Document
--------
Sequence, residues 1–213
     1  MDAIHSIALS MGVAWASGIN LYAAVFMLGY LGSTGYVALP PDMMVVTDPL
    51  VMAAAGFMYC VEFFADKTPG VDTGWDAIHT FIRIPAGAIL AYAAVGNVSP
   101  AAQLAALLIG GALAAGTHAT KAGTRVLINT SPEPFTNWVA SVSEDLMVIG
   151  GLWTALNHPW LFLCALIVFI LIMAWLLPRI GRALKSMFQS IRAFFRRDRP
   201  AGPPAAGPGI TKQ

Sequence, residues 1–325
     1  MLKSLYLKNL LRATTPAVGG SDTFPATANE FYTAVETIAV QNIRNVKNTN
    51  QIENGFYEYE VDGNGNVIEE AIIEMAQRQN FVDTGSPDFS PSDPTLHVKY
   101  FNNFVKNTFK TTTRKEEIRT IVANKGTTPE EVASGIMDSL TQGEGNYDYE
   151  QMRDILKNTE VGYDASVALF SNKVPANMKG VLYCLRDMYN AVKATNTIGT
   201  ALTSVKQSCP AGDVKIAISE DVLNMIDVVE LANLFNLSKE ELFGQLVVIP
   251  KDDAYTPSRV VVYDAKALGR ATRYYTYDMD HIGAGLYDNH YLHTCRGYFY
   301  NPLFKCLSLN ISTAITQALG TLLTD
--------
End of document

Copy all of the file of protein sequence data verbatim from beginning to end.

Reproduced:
Sequence, residues 1–213
     1  MDAIHSIALS MGVAWASGIN LYAAVFMLGY LGSTGYVALP PDMMVVTDPL
    51  VMAAAGFMYC VEFFADKTPG VDTGWDAIHT FIRIPAGAIL AYAAVGNVSP
   101  AAQLAALLIG GALAAGTHAT KAGTRVLINT SPEPFTNWVA SVSEDLMVIG
   151  GLWTALNHPW LFLCALIVFI LIMAWLLPRI GRALKSMFQS IRAFFRRDRP
   201  AGPPAAGPGI TKQ

Sequence, residues 1–325
     1  MLKSLYLKNL LRATTPAVGG SDTFPATANE FYTAVETIAV QNIRNVKNTN
    51  QIENGFYEYE VDGNGNVIEE AIIEMAQRQN FVDTGSPDFS PSDPTLHVKY
   101  FNNFVKNTFK TTTRKEEIRT IVANKGTTPE EVASGIMDSL TQGEGNYDYE
   151  QMRDILKNTE VGYDASVALF SNKVPANMKG VLYCLRDMYN AVKATNTIGT
   201  ALTSVKQSCP AGDVKIAISE DVLNMIDVVE LANLFNLSKE ELFGQLVVIP
   251  KDDAYTPSRV VVYDAKALGR ATRYYTYDMD HIGAGLYDNH YLHTCRGYFY
   301  NPLFKCLSLN ISTAITQALG TLLTD